What are key Cisco NetFlow limitations?

Q & A with Douglas Smith - President of network troubleshooting and analysis solutions vendor, Network Instruments.

Earlier this month, network troubleshooting and analysis solutions vendor - Network Instruments, announced GigaStor NetFlow Agent, which according to Network Instruments: "Allows engineers to utilize NetFlow data about any device in any environment. GigaStor captures and converts packets into NetFlow data flows, pushing it out to multiple destinations simultaneously. This is especially valuable for Network Behavior Anomaly Detection (NBAD) and compliance monitoring applications." In the Q & A below, Douglas Smith - Cofounder and President of Network Instruments, discusses the key limitations of Cisco NetFlow as well as the benefits of his new GigaStor NetFlow Agent: 1. So what are key Cisco NetFlow limitations?

Douglas Smith: There are several limitations that can prevent the use of NetFlow as a performance monitoring technology across an entire network. For companies using NetFlow-dependent reporting applications for NBAD, security, compliance or performance management, these limitations severely limit visibility to portions of the network.

Four examples of limitations that can prevent the use of NetFlow as a performance monitoring technology:

1) Non-NetFlow capable devices are blind to local traffic Typically, you need higher-end Cisco routers and switches to produce NetFlow data. Other infrastructure vendors provide comparable flow technologies in their higher-end offerings but none are as widely implemented as Cisco NetFlow. In most cases, companies have either legacy or non-NetFlow capable infrastructure. With many reporting applications depending upon NetFlow for monitoring performance, compliance, or security, non-NetFlow capable devices create large blind spots on the network. 2) Devices only export two flows Cisco NetFlow devices only allow you to export two flows to two NetFlow collectors. If a company has more than two reporting applications, decisions must be made that impact visibility and monitoring. 3) NetFlow overhead can overtax infrastructure Sending NetFlow can add too much overhead to already over-taxed routers and switches. The risk of overloading infrastructure already spread too thin, stops engineers from enabling NetFlow on their network. 4) Visibility limited to routed traffic NetFlow only shows routed traffic or packets. As a result, network engineers are blind to internal LAN and VLAN communications and activities. 2. What gave you the idea for creating NetFlow Agent?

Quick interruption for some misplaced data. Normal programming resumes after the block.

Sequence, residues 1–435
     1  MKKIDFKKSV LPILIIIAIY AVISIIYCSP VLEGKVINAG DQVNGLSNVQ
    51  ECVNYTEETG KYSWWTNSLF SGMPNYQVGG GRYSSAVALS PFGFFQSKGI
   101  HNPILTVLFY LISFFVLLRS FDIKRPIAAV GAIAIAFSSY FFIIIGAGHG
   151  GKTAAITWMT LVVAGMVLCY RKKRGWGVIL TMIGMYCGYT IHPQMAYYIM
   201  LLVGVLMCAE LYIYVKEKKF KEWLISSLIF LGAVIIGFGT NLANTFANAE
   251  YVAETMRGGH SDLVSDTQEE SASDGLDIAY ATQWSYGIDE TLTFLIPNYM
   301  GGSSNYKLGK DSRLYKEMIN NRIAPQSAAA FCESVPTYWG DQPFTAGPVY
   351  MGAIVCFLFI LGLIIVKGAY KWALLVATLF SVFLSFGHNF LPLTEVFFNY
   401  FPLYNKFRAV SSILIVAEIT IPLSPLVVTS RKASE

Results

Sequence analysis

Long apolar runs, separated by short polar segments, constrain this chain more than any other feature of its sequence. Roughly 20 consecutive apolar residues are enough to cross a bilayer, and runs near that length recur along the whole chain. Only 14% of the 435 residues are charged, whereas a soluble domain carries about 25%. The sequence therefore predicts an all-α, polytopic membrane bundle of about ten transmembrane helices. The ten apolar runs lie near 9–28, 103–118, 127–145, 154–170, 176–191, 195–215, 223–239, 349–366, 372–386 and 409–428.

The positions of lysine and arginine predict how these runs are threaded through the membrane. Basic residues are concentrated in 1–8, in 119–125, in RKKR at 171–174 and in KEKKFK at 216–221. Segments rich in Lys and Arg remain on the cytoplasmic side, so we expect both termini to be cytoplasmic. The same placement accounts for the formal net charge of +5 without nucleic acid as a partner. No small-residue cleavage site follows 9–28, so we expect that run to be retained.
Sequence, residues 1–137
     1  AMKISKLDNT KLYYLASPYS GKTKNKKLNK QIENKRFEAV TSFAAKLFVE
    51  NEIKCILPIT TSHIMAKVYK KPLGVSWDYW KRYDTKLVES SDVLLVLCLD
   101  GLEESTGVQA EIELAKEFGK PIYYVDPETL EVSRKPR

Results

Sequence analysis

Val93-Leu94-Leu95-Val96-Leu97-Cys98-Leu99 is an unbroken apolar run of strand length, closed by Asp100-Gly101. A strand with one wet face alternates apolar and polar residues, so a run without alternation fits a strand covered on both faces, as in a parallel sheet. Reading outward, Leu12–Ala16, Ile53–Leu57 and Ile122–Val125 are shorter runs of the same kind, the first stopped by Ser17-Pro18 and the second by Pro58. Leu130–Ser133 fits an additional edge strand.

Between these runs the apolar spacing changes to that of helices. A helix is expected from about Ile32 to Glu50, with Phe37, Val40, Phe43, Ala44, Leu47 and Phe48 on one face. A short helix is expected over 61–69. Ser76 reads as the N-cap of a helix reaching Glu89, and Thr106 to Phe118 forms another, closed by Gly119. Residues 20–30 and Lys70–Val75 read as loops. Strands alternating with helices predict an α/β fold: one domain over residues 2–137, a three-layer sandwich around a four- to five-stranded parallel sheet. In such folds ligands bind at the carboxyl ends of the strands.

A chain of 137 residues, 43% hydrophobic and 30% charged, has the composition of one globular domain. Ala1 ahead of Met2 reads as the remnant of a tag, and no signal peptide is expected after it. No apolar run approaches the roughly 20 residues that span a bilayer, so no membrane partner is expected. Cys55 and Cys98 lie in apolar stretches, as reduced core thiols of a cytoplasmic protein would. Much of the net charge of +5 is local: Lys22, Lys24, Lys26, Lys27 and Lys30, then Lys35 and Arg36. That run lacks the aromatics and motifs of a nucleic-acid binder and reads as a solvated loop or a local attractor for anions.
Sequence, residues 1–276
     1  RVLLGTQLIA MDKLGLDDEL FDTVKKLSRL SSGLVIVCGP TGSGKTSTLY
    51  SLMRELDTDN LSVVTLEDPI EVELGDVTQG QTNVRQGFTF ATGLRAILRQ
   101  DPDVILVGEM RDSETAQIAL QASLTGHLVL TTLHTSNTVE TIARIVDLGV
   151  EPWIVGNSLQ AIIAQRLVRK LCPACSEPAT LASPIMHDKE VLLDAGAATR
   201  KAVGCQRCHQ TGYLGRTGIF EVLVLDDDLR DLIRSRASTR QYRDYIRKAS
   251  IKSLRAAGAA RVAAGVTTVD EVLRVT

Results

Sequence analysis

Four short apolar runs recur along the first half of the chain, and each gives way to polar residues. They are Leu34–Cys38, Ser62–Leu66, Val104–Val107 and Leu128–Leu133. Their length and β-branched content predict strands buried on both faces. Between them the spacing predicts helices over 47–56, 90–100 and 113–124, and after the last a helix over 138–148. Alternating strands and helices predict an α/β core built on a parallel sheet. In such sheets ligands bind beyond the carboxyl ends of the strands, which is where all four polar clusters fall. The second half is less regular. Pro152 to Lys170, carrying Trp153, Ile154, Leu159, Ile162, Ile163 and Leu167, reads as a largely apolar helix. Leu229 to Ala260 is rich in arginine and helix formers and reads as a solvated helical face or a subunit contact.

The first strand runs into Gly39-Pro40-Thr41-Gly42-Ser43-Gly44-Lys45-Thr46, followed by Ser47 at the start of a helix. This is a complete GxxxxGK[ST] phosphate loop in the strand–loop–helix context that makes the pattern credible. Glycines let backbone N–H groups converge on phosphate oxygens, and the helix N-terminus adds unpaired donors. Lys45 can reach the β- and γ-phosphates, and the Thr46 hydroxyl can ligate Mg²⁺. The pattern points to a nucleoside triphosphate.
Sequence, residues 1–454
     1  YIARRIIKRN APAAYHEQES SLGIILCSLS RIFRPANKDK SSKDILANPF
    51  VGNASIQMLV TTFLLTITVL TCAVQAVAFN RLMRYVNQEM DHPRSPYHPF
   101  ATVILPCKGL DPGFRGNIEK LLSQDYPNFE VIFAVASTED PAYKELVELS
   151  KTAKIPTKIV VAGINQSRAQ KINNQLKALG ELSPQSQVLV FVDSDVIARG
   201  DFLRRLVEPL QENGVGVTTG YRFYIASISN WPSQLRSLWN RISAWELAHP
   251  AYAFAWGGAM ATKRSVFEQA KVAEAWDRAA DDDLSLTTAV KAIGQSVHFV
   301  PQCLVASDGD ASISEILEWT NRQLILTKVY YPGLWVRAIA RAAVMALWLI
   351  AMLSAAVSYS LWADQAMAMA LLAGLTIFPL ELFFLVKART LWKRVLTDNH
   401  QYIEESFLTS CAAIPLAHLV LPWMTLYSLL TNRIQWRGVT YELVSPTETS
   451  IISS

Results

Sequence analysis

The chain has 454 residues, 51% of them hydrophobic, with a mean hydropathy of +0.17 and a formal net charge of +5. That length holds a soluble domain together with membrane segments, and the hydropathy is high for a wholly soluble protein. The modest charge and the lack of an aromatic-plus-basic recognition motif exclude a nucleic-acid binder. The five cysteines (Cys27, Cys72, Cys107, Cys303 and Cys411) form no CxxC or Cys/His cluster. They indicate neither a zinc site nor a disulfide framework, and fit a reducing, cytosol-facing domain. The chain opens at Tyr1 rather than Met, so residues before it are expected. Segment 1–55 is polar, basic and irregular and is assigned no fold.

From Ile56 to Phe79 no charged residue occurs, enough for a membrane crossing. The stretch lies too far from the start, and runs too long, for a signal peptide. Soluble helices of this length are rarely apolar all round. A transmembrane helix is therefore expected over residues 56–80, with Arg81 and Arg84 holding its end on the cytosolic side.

Douglas Smith: Some of our larger customers discussed NetFlow's limitations with us and were looking for a way to expand the visibility of their NetFlow-dependent reporting applications. There were several spots on their network where they either wouldn't enable NetFlow or had non-NetFlow capable routers and switches. While handling NetFlow isn't a core competency of the company, our developers have a deep understanding of networks developed over the last 15 years. For the last three to four years, we've been expanding the incorporation of NetFlow and other flow technologies into our performance management platform. Most important, this was a customer need that didn't have a real solution, and we could easily develop something to address it.

sFlow and NetFlow provides extended visibility, probe delivers detailed drill-down 3. What are the benefits of GigaStor NetFlow Agent?

Douglas Smith: The GigaStor NetFlow Agent overcomes these issues by producing NetFlow data about any network device, including servers and non-NetFlow capable routers and switches. GigaStor captures and converts packets in NetFlow data flows, pushing them to reporting applications.

GigaStor NetFlow Agent Benefits

Produce NetFlow about any device
Expand visibility of NetFlow-dependent NBAD and compliance applications
Push flow data to multiple reporting applications simultaneously

Produce NetFlow from any device


What do you think are the key limitations of Cisco NetFlow?

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